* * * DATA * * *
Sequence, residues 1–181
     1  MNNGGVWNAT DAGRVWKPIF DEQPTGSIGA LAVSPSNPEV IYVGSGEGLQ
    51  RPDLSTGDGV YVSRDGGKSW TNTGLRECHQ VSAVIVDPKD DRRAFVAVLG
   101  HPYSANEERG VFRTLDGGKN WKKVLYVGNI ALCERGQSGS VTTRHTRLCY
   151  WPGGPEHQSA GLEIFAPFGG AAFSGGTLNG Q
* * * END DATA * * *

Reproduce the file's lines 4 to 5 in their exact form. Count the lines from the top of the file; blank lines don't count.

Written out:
   101  HPYSANEERG VFRTLDGGKN WKKVLYVGNI ALCERGQSGS VTTRHTRLCY
   151  WPGGPEHQSA GLEIFAPFGG AAFSGGTLNG Q